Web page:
Evaluation assurance level 6 (EAL6) - semiformally verified design and

tested (chapter 11.8)

“Objectives

EAL6 permits developers to gain high assurance from application of security engineering techniques to a rigorous development environment in order to produce a premium TOE for protecting high value assets against significant risks.

EAL6 is therefore applicable to the development of security TOEs for application in high risk situations where the value of the protected assets justifies the additional costs.”

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Evaluation assurance level 7 (EAL7) - formally verified design and tested

(chapter 11.9)

“Objectives

EAL7 is applicable to the development of security TOEs for application in extremely high risk situations and/or where the high value of the assets justifies the higher costs. Practical application of EAL7 is currently limited to TOEs with tightly focused security functionality that is amenable to extensive formal analysis.“

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Strength of TOE security functions (AVA_SOF) (chapter 19.3)

“Objectives

Even if a TOE security function cannot be bypassed, deactivated, or corrupted, it may still be possible to defeat it because there is a vulnerability in the concept of its underlying security mechanisms. For those functions a qualification of their security behaviour can be made using the results of a quantitative or statistical analysis of the security behaviour of these mechanisms and the effort required to overcome them. The qualification is made in the form of a strength of TOE security function claim.”

Vulnerability analysis (AVA_VLA) (chapter 19.4)

"Objectives

Vulnerability analysis is an assessment to determine whether vulnerabilities identified, during the evaluation of the construction and anticipated operation of the TOE or by other methods (e.g. by flaw hypotheses), could allow users to violate the TSP.

Vulnerability analysis deals with the threats that a user will be able to discover flaws that will allow unauthorised access to resources (e.g. data), allow the ability to interfere with or alter the TSF, or interfere with the authorised capabilities of other users.”

"Application notes

A vulnerability analysis is performed by the developer in order to ascertain the presence of security vulnerabilities, and should consider at least the contents of all the TOE deliverables including the ST for the targeted evaluation assurance level. The developer is required to document the disposition of identified vulnerabilities to allow the evaluator to make use of that information if it is found useful as a support for the evaluator's independent vulnerability analysis.”

“Independent vulnerability analysis goes beyond the vulnerabilities identified by the developer. The main intent of the evaluator analysis is to determine that the

TOE is resistant to penetration attacks performed by an attacker possessing a low (for AVA_VLA.2 Independent vulnerability analysis), moderate (for

AVA_VLA.3 Moderately resistant) or high (for AVA_VLA.4 Highly resistant) attack potential.”

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D Annexes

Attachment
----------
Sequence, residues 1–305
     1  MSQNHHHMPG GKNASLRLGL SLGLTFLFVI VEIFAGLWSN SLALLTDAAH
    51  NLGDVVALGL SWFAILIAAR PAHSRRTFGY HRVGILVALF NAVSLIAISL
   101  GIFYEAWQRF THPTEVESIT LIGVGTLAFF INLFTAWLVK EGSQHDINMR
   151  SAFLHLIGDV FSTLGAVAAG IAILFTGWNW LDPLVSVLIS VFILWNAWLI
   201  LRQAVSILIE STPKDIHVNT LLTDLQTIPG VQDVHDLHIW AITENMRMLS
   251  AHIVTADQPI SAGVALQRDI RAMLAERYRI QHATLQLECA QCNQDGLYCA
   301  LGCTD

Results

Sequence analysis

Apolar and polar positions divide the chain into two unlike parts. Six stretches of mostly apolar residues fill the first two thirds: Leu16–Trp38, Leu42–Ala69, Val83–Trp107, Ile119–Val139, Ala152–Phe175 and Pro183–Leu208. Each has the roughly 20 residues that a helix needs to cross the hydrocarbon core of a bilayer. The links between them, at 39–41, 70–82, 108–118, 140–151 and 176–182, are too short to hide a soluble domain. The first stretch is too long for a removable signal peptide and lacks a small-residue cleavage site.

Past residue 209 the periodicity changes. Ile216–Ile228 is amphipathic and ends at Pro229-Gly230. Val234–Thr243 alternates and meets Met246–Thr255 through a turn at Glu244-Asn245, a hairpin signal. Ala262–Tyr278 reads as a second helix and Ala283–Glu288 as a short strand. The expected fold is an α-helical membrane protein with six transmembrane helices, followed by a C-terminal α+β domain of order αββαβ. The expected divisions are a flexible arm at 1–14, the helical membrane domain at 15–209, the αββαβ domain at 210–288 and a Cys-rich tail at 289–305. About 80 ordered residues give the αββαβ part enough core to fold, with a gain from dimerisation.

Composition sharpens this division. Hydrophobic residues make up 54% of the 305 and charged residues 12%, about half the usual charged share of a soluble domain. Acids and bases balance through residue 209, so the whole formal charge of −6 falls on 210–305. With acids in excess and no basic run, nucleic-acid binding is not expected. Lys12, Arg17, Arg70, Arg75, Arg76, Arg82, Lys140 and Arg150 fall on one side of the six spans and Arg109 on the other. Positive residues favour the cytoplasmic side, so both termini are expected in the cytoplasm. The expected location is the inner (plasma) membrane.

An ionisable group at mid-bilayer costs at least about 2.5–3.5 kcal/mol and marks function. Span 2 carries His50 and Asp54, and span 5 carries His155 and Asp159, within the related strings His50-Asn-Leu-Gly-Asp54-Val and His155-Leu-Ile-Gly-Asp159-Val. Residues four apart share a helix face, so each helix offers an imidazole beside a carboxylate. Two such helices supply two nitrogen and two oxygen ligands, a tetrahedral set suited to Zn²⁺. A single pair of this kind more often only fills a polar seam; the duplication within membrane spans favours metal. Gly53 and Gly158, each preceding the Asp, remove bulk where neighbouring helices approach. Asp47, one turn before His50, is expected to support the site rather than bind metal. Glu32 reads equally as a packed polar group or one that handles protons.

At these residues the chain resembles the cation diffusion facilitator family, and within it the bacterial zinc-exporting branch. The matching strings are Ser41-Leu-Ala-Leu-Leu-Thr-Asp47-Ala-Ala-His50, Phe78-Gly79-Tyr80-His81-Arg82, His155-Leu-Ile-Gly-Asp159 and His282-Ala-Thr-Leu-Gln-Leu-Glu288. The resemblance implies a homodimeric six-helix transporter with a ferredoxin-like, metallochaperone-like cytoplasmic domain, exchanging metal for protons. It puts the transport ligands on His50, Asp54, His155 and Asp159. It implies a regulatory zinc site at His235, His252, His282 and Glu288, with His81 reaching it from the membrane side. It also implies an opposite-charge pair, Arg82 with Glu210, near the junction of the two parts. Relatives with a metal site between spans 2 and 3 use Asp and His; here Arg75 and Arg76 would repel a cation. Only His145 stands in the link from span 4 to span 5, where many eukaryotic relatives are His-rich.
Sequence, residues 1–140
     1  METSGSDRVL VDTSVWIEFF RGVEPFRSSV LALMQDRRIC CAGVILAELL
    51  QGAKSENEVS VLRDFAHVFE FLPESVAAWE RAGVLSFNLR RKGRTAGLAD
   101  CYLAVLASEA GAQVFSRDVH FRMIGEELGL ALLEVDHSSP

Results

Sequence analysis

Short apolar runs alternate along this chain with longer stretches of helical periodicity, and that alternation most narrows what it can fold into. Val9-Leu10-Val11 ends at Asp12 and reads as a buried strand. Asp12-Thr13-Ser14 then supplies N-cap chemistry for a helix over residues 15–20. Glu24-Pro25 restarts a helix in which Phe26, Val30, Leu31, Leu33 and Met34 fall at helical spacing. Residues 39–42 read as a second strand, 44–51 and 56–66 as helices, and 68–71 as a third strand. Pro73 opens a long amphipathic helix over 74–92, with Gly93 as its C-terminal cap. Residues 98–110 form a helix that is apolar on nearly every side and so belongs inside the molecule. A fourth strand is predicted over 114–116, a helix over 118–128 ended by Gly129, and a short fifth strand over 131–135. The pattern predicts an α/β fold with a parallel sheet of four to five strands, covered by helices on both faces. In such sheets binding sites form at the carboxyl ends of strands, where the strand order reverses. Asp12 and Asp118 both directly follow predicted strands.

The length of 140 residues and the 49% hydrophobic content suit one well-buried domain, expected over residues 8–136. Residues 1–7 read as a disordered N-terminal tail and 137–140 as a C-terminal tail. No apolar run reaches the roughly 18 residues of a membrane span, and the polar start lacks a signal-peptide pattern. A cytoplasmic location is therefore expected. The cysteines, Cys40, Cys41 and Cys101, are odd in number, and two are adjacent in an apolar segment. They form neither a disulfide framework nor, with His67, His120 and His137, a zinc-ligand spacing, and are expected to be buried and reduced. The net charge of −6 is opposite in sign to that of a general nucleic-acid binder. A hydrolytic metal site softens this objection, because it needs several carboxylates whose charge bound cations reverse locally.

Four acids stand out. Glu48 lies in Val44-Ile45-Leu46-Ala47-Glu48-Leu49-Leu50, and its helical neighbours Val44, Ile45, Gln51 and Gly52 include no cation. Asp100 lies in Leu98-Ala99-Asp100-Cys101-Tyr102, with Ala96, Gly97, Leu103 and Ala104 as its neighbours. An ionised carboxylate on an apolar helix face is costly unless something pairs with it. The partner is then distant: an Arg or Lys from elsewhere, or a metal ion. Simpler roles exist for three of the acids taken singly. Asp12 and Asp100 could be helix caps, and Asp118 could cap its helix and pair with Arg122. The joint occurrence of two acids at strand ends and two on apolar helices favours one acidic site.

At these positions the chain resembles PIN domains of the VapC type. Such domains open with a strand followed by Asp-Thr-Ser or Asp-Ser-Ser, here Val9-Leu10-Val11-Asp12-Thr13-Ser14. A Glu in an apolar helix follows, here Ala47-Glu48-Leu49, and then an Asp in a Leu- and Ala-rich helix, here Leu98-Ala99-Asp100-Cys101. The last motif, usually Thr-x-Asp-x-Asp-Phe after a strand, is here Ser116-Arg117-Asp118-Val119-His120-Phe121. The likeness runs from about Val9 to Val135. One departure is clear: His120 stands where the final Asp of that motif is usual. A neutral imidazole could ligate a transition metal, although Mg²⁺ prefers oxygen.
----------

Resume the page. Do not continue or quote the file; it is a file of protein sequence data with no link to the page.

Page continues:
List of annexes of this certification report

Annex A: Evaluation results regarding development and production environment D-3

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Annex A of Certification Report BSI-DSZ-CC-0383-2007

Evaluation results regarding development and production environment

The IT product Sdu ICAO eMRTD version 1.0 (Target of Evaluation, TOE) has been evaluated at an accredited and licensed/ approved evaluation facility using the Common Methodology for IT Security Evaluation, version 2.3 (ISO/IEC

15408:2005), extended by advice of the Certification Body for components beyond EAL4 and smart card specific guidance, for conformance to the

Common Criteria for IT Security Evaluation, version 2.3 (ISO/IEC15408: 2005).

As a result of the TOE certification, dated 02 May 2007, the following results regarding the development and production environment apply. The Common

Criteria assurance requirements

• ACM – Configuration management (i.e. ACM_AUT.1, ACM_CAP.4,

ACM_SCP.2),

• ADO – Delivery and operation (i.e. ADO_DEL.2, ADO_IGS.1) and

• ALC – Life cycle support (i.e. ALC_DVS.2, ALC_LCD.1, ALC_TAT.1), are fulfilled for the development and production sites of the TOE listed below: a) Sdu Identification bv, Oudeweg 32, 2031 GH Haarlem, The Netherlands

(Development environment and production (initialization, prepersonalization) environment)

Note: The personalization process was not part of the evaluation. b) Aontec Teotorante, Pairc Tionscail na Tulaigh, Baile na hAbhann,

Co.Galway, Ireland (inlay assembly) c) PAV Card, Hamburger Strasse 6, D-22952 Lütjensee, Germany (inlay assembly)

For development and productions sites regarding the JCOP platform refer to the certification report BSI-DSZ-CC-0294-2006-MA-01 [13] and the related baseline certification BSI-DSZ-CC-0249-2006 chapter 9.

For the sites listed above, the requirements have been specifically applied in

accordance with the Security Target (Electronic Passport SECURITY TARGET for Sdu ICAO eMRTD, BSI-DSZ-CC-0383 Version 1.5.4, Sdu (confidential document) [6]). The evaluators verified, that the requirements for the TOE life

cycle phases up to delivery (as stated in the Security Target [6]) are fulfilled by the procedures of these sites.

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Certification Report BSI-DSZ-CC-0383-2007